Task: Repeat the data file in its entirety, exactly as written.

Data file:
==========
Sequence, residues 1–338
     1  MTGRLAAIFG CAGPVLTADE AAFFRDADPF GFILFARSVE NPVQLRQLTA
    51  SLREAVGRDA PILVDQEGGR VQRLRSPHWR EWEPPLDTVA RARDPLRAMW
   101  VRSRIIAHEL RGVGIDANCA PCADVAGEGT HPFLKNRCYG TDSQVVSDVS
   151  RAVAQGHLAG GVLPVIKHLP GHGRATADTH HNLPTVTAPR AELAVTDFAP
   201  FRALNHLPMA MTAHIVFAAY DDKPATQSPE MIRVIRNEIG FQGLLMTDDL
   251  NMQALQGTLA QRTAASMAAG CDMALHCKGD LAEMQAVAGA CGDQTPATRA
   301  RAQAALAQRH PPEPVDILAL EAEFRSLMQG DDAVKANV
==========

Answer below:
Sequence, residues 1–338
     1  MTGRLAAIFG CAGPVLTADE AAFFRDADPF GFILFARSVE NPVQLRQLTA
    51  SLREAVGRDA PILVDQEGGR VQRLRSPHWR EWEPPLDTVA RARDPLRAMW
   101  VRSRIIAHEL RGVGIDANCA PCADVAGEGT HPFLKNRCYG TDSQVVSDVS
   151  RAVAQGHLAG GVLPVIKHLP GHGRATADTH HNLPTVTAPR AELAVTDFAP
   201  FRALNHLPMA MTAHIVFAAY DDKPATQSPE MIRVIRNEIG FQGLLMTDDL
   251  NMQALQGTLA QRTAASMAAG CDMALHCKGD LAEMQAVAGA CGDQTPATRA
   301  RAQAALAQRH PPEPVDILAL EAEFRSLMQG DDAVKANV